I had Sleeve Gastrectomy [VSG] 4 months ago, and I’ve lost 46 additional pounds so far. I’ve continued my healthy eating, but of course, with smaller portions and some other adjustments. You tend to like different foods post-op than you did before. For instance, sometimes I prefer lower-fat dairy now, and I seem to have less of a taste for the richer cheeses. However, whole foods with high protein and high fiber are still working wonders for me. The small stomach provides a ceiling on how much I can eat in a day, but I find the more small meals I can squeeze into the day, the more efficiently I lose. Nourishment, not starvation, is what has worked for me throughout this process.
The surgery for me has not been a quick or easy fix. I’m glad I did it, ultimately, but I’ve definitely struggled with the new eating patterns—and pace—it requires after eating so robustly for the previous year. Life after surgery requires planning, mindfulness, and acute attention to the body that most of us are unused to. I often eat in a kind of trance, just shoving food in my mouth because it tastes good. I find the surgery requires so much more intentionality. In other words, you have to make good choices and take your time eating or risk physical discomfort. What’s more, the surgery can be easily undermined, especially by someone like me who is a hardcore sugar addict. Sugary drinks can slip right past the small stomach without filling you up, and the weight will pack right back on.
What did your workout routine consist of? How often did you work out?
I do physical therapy exercises to strengthen the muscles around my knee and hip joints and support my back and relieve my lower back pain. During my best, most disciplined times, I try to do that daily. When I do, it works wonders for my stability, mobility, and my endurance on walks.
I try to take walks in my neighborhood a couple of times per week, even if they’re short (though sometimes they’re longer). I often go with my housemate and best friend, and we try to make the walks pleasurable in other ways—by looking at the neighborhood gardens (we love gardens!) or walking to the local park and reservoir. We don’t exactly power walk. We just try to get moving and enjoy the fresh air.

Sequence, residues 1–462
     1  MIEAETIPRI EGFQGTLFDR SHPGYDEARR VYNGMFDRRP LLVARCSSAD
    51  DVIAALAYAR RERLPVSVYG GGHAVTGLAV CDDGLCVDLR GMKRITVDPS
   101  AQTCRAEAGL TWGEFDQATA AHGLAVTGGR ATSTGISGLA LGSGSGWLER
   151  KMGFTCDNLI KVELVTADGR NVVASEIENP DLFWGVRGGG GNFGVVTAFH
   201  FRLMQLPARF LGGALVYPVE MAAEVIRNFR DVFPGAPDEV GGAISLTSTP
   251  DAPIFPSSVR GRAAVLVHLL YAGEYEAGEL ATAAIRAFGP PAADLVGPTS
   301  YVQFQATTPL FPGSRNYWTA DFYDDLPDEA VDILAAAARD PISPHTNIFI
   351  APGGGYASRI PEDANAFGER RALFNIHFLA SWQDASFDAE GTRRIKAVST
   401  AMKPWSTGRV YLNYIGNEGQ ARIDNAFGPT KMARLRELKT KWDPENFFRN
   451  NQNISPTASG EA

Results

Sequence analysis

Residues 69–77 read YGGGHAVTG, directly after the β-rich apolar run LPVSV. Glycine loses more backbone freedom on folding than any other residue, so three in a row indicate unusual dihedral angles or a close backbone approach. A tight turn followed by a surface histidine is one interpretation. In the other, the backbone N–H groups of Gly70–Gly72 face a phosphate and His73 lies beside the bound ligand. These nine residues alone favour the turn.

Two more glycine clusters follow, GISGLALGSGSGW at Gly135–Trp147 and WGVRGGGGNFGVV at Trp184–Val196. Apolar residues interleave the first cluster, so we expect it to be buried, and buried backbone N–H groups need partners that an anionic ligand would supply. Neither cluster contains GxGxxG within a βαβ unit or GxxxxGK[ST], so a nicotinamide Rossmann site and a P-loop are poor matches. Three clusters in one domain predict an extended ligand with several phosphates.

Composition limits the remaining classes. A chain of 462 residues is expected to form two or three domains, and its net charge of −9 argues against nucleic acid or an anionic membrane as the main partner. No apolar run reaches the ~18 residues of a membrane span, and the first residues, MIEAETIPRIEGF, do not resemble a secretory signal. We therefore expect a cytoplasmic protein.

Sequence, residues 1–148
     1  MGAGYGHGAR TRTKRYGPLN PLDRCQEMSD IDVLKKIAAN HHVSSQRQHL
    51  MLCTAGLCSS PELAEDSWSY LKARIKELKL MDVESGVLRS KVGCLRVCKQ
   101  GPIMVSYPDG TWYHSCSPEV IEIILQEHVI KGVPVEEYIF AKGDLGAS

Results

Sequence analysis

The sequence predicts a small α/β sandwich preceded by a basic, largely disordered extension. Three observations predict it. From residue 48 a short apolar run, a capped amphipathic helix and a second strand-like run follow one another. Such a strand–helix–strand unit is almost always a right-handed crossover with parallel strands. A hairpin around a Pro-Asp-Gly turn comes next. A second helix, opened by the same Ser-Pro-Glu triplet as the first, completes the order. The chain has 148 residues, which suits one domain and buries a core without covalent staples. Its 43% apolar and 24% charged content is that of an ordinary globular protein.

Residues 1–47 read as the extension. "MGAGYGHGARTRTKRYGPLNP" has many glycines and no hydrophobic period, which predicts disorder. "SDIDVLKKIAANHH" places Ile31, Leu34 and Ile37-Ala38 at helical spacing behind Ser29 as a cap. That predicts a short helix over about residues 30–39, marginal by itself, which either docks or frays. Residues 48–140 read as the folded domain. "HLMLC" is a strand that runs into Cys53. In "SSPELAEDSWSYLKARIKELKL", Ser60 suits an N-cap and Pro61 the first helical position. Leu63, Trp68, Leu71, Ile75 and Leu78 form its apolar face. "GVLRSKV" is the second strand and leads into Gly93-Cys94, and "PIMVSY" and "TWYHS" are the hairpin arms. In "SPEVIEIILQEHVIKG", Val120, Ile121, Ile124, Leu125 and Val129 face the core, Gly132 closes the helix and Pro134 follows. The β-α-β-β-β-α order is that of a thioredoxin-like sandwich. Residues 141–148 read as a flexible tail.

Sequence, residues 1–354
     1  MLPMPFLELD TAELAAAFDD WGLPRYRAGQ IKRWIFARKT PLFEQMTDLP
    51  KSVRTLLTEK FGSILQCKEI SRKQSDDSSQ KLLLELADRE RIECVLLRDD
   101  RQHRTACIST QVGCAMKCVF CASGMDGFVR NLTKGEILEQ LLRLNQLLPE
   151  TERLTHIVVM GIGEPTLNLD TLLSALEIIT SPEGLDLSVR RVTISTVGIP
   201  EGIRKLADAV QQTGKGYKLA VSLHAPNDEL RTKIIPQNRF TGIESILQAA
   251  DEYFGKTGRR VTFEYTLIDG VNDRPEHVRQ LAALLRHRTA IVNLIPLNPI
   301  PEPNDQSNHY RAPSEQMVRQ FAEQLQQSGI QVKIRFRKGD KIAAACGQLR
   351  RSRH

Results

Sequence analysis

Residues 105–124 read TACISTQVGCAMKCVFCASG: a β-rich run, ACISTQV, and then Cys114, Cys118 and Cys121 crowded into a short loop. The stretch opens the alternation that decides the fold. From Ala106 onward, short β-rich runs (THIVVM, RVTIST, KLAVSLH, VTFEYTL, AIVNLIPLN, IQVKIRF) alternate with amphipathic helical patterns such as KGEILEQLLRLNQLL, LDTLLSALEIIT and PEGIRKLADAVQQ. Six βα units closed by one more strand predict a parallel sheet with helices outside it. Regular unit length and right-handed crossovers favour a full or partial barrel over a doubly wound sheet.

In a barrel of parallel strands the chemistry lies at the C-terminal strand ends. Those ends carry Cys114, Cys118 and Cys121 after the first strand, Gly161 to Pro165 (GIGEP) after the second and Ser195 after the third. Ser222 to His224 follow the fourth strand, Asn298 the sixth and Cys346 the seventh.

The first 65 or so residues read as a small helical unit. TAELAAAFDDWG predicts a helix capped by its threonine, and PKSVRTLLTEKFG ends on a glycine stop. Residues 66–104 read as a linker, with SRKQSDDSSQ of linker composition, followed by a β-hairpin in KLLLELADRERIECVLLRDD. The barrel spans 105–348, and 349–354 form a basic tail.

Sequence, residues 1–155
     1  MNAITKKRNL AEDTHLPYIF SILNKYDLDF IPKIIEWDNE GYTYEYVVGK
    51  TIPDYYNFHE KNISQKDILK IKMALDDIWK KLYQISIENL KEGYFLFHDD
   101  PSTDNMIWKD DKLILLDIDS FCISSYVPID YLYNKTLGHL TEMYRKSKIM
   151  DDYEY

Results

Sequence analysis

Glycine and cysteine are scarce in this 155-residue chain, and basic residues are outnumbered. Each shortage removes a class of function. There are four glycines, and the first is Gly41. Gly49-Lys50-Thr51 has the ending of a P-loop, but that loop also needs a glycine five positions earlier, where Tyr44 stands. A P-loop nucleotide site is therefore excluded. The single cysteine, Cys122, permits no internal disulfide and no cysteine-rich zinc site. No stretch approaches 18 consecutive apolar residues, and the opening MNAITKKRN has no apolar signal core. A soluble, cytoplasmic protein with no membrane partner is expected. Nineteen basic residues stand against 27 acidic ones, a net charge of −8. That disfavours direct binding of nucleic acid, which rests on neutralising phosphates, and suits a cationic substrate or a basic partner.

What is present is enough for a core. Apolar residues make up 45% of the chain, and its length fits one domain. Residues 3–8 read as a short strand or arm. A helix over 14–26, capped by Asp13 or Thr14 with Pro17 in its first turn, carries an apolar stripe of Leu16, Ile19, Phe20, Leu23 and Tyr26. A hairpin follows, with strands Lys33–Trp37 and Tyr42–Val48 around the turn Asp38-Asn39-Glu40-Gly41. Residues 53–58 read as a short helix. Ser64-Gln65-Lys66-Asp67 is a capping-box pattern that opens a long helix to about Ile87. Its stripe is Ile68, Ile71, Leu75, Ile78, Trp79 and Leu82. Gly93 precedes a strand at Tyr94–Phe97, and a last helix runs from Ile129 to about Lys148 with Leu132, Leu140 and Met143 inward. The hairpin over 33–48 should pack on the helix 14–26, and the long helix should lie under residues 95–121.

Finally, I really see my body as in recovery. But I want to counter the assumption that, for every fat-bodied person struggling with disability, their disability can be completely resolved with weight loss. This is reductive and unhelpful and can be a hateful misunderstanding of both fatness and disability. I think it’s important to say: it’s crucial to take the body changes as they come (or don’t). For instance, I haven’t yet experienced a 100% cure for arthritis or sleep apnea. That’s OK. Everyone’s body is different. Even changes as powerful as exercise and healthful food are not a quick fix for anything. The relation between weight loss and recovery is different from person to person.
What was your starting weight? What is your current weight?
I’ve gone from 333 pounds to 247 pounds. (86 lbs!)
What is your height?
Tell us more about your decision to have surgery?
Yes. I had Sleeve Gastrectomy surgery one year into my journey. I’m glad I did it. At the time that I began the process of preparing for the surgery, I had diabetes, sleep apnea, high blood pressure, osteoarthritis, migraine, treatment-resistant manic depression, GERD, and severe back pain (all of which can be improved with surgery). I was 44 years old and felt too young to be so sick. Everything on that list required attention and treatment, but for me, the sleep apnea and the pain were the issues in which I wanted to see improvement the most. After years of poor sleep and discomfort, I needed a change.
What is the biggest lesson you’ve learned so far?
To have patience with myself. My journey doesn’t have to be fast or perfect. To use a variety of measures for success, especially ones that don’t involve numbers. The biggest one is—how do I feel? Is movement easier? Was I able to walk farther today?
What advice do you have for women who want to lose weight?
You don’t have to change your whole life all at once. That can seem too daunting. Do one small, impactful thing first, like drinking more water or cutting out takeout. Something that feels doable. I think you’ll inspire yourself to go further. (For example, years ago, I switched from drinking cola every day to just drinking water, and I dropped 20 pounds in a month.) Finally, choose methods that are sustainable for you. Don’t set yourself up for a program or system that you can’t live with peacefully for the long term.